Figure 1. The structure of flower and floral organ measurements in Polygonum jucundum.

A, the longitudinal section of the long-styled flower; B, the longitudinal section of the short-styled flower; C. the cross section of the flower; D, floral organ measurements: (1) bud length, (2) style length, (3) ovary length, (4) anther length, (5) outer filament length, (6) outer anther height, (7) inner filament length, (8) inner anther height. Ai, inner anther; Ao, outer anther; S, stigma; T, tepal.

Plant material of P. jucundum was collected from a wild population in the suburb of Wuhan, Hubei Province, China (30°31′N, 114°29′E). The sampling strategy was designed to ensure adequate representation of the entire morphological range for this species. All experiments were carried out during November and December 2012 and 2013.

Microscopy and Measurements

For observations and measurements on floral organs in P. jucundum, two inflorescences with buds at similar stages of development were selected from each of 10 LS and 10 SS plants. The size of buds in these inflorescences was measured from early developmental stages until anthesis, and these data were used as a relative estimate of developmental time according to Richards and Barrett [32]. The beginning of floral development (metrical origin) was defined as that stage of development when buds were about 0.5 mm in size.

A hundred and forty-four buds from each morph range from metrical origin to blooming were dissected and observed using an Olympus SZX2-ILLT stereomicroscope. Tepals were carefully removed from each bud by using a dissecting needle. Stamens and pistil on the receptacle were flattened on a glass slide. Images of floral organs were captured using an Olympus digital camera. The ovary length, style length, anther length, outer anther height, inner anther height, outer filament length, and inner filament length were measured from these images by using the metrical software ImageJ (Fig. 1D).

To study the cellular variation during floral development, 13 buds from each morph, representing the various stages of development, were dissected. Whole filaments and styles in each bud were picked and laid on a glass slice with fast green dye for about 1 min. The dyed material was then covered using a coverslip and observed under an Olympus BX 43 light microscope. Whole filaments and styles were photographed using an Olympus digital camera while focusing on the epidermal cells. Along a whole filament or style, the cell numbers in a single cell column were recorded. These measurements were taken 10 times on each of the inner filament, outer filament, and style in a flower. In addition, 100 epidermal cells were chosen randomly in each type of floral organ per flower and their lengths were measured using the metrical software ImageJ.

Data Analysis

In order to understand the developmental process of floral organs within a bud, outer anther height, inner anther height, and stigma height were compared across different bud lengths in which stigma height equaled style plus ovary lengths. These comparisons were made in each morph, and the results were fitted to regression equations. In order to identify the major factor causing differences in floral organ heights between flowers of the two morphs, LS and SS floral buds were compared by plotting the bud length against ovary, anther, inner filament, outer filament, or style lengths. Plotted data were fitted to linear or quadratic regression equations depending on scatter patterns. The slopes of the lines generated for LS and SS flower buds were compared using analysis of covariance (ANCOVA) homogeneity of slopes model. The mean cell number and cell length of inner filament, outer filament, or style in each flower were calculated. The data for LS and SS flowers were reported by bud length. Trend lines were plotted for each group of data. All plots and statistics were obtained using SPSS 17.0 and SigmaPlot 12.0.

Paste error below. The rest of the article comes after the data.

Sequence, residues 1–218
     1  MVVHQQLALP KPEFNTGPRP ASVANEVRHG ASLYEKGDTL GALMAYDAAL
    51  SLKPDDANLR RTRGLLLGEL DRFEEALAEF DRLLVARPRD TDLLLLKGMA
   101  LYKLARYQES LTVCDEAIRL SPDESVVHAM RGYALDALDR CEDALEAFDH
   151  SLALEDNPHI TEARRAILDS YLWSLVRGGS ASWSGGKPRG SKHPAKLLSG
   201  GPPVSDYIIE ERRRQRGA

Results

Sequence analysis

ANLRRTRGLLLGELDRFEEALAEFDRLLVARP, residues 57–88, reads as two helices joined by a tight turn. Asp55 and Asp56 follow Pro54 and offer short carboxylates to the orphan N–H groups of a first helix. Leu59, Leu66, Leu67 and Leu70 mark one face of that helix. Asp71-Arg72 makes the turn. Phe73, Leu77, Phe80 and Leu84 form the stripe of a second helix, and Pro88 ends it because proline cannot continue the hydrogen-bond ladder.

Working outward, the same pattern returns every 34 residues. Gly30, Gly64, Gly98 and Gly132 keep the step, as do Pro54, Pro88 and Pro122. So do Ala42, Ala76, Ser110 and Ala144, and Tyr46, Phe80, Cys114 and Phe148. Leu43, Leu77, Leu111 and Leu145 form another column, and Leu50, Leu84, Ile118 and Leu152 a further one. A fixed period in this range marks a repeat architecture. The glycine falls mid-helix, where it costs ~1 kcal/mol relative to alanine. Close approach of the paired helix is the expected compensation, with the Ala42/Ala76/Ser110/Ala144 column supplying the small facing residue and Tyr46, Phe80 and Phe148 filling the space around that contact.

Comparison of reproductive organ heights within a flower during development

Stigma and anther heights were assessed to determine the difference in the developmental process among the reproductive organs in a flower. In the earliest stages of bud elongation, the heights of all reproductive organs in a flower were nearly identical (Fig. 2). The difference between anther height and stigma height became obvious when the bud length approached 2.0 mm. After blooming, the stigma was about twice the height of the anther in LS flowers; however, in SS flowers the anther was about 1.5 times taller than the stigma (Fig. 2). Although the inner stamens were taller than the outer stamens throughout the whole development process (Table 1),the difference of the growth rate between two whorls of the stamens was not significant (PLS = 0.480, PSS = 0.968).

Figure 2. Floral organ heights in flowers of two morphs during floral development of Polygonum jucundum.

A, the long-styled flower; B, the short-styled flower. Regression lines were fitted separately to data for each floral organ.

Table 1. Relationship between floral organ height and bud length in long-styled (LS) and short-styled (SS) flowers of Polygonum jucundum.

Length of floral organs in LS and SS flowers

Ovary length plus style length constituted the stigma height while anther length plus filament length determined the anther height. All these measurements were used to compare LS and SS flowers in order to determine the factors responsible for the difference in height of reproductive organs.